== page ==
Pizza without cheese?! Well, yeah. Or put cheese on it, if you prefer.
Check out the health-food area or dairy case of your local grocery store, where you may be able to find a product called "VeganRella," which is a vegan substitute for cheese (it's also available in many co-op groceries and natural-foods stores). The product appears to be soy-free which may be convenient for some. I'm not crazy about it, though. In fact, I prefer my vegan manicotti filling on a pizza - or no cheese at all. With no cheese at all, be sure to sautee the vegetables in olive oil first. Just remember: regular pizza has gobs of fat, so don't be too stingy with the oil in a vegan pizza.
- fresh pizza dough, dough from a mix, or store-bought crust
- 1 can or jar of tomato sauce, enough to cover the dough (about 2 cups)
- dried or fresh Italian spices (optional)
- chopped vegetables and other toppings to taste:
- onion, green pepper, red pepper
- mushrooms, olives
- zucchini, cooked squash, dried tomatoes, cooked beans or lentils
- broccoli, cauliflower, carrots, kale, spinach
- minced fresh garlic, dried crushed red pepper
- tofu, vegetarian "sausage," vegetarian "Canadian bacon"
- grated VeganRella (optional)
Prepare your pizza dough as described below or according to the box directions (Bisquick used to include a pizza dough recipe on the box), or let thaw, if it's frozen. Scatter a bit of corn meal into a pizza pan, pie plate, or casserole, and press the dough into the pan. Cover thinly with red sauce and add Italian spices (optional). Add vegetables and other toppings. Top with VeganRella (or with mozzarella, cheddar, colby, and/or Monterey Jack cheese for a non-vegan pizza). Bake about 20 minutes at 350 degrees F (if you use cheese, bake until the cheese has completely melted and starts to turn brown around the pizza's edge).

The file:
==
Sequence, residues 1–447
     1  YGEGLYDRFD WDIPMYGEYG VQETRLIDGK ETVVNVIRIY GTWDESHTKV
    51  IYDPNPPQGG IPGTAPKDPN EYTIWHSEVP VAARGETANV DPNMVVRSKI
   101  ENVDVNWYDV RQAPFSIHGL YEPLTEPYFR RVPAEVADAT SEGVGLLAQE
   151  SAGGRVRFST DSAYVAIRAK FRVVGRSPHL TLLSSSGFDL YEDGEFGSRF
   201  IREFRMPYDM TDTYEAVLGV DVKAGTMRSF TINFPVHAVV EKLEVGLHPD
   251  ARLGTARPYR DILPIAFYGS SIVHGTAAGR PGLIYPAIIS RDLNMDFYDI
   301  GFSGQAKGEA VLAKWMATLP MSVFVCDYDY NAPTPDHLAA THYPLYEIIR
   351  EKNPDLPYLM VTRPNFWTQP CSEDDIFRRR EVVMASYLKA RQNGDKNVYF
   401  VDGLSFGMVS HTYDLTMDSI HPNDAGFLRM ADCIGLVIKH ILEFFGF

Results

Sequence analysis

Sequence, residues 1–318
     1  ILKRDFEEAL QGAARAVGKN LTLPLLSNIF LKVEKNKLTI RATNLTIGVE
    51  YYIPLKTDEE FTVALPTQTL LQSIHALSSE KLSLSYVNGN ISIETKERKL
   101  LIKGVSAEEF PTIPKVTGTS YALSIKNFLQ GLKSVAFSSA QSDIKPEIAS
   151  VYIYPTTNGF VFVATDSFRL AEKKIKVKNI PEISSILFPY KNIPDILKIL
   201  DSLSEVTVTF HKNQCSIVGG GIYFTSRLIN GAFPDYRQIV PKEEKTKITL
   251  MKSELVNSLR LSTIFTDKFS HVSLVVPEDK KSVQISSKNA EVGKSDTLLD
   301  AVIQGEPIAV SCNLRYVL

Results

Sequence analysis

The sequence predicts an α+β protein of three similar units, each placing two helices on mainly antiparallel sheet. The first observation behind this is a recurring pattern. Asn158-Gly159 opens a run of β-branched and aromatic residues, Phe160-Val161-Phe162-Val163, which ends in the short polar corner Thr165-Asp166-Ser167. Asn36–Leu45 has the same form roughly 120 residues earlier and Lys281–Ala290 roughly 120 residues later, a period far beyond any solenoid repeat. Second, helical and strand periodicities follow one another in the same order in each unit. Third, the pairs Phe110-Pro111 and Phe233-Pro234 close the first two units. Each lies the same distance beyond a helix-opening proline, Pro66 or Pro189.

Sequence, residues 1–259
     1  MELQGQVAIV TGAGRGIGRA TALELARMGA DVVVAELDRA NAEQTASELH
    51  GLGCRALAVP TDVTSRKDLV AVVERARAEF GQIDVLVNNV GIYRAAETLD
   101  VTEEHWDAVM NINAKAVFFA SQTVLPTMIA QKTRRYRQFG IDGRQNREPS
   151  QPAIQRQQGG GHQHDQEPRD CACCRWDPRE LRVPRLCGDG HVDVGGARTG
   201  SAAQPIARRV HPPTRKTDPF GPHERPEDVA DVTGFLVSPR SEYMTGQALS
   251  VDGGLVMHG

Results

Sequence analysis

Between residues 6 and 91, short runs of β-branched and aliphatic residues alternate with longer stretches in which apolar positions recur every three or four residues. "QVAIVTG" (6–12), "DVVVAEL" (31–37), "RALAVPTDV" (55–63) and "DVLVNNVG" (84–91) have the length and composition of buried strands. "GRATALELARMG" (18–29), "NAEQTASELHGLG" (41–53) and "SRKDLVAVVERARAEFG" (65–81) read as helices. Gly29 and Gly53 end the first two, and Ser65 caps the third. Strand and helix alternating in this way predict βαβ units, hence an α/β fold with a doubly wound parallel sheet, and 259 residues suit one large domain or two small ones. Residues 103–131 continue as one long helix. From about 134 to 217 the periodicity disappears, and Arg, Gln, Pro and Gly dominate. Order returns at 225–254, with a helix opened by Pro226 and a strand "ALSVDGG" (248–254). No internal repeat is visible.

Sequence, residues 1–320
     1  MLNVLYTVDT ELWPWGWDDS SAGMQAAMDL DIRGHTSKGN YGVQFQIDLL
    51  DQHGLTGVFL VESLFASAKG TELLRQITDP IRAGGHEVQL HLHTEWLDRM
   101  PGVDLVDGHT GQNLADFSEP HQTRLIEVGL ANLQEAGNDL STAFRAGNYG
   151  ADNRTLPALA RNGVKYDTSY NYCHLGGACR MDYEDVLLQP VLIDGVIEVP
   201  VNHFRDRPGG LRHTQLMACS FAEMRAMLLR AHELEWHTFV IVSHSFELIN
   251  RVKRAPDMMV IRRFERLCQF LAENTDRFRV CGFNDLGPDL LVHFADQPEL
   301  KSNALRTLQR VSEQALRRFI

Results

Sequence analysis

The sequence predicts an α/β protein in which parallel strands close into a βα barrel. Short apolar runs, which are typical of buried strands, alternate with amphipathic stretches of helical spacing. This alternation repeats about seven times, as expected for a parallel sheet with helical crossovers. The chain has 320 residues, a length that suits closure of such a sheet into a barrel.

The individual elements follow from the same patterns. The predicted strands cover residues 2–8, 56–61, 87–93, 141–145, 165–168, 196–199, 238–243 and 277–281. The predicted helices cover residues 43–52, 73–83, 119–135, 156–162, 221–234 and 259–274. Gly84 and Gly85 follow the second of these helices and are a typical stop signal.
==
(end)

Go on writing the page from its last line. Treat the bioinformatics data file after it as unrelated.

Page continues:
Serve hot, topped with alfalfa sprouts (optional).
The pizza takes about 25 minutes to prepare, or one hour and 25 minutes if you prepare your own dough.
Pizza dough, boxed mixes, and pre-baked crusts can be purchased at many grocery stores. However, these preparations often require or are made with eggs, milk, or whey, making them far from vegan.
Many health-food stores sell dry mixes for preparing vegetarian "sausage." You can also find "Canadian bacon" in health-food store dairy cases, next to the tofu hot dogs and other imitation meat products. Be aware that not all of these products are vegan, but they are vegetarian.
Refrigerate any unused pizza right away and finish it within a few days. It can be warmed in the oven or the microwave. Freezing is not recommended.
Number of servings depends on the size of the dish used to cook the pizza and the amount prepared. One pizza can usually serve four adults, especially if the meal includes salad and bread.
When preparing this recipe and any other food you enjoy, please use organically-grown vegetables, fruits, grains, and flavorings. The Earth you save may be your own.
Fresh Pizza Dough
- 2 1/2 cups flour, half whole-wheat and half white
- 1 cup water
- 2 tablespoons yeast
- dash salt
- 1 tablespoon honey or molasses (optional)
- 1/2 teaspoon rosemary, 1 teaspoon sesame seeds (optional)
Mix the ingredients and knead (or let a breadmaking machine do this work). Let sit and rise for an hour in a warm, dark place.
Strech out the dough to fit a floured pan (9-inch pie pan or other pizza pan) and add toppings.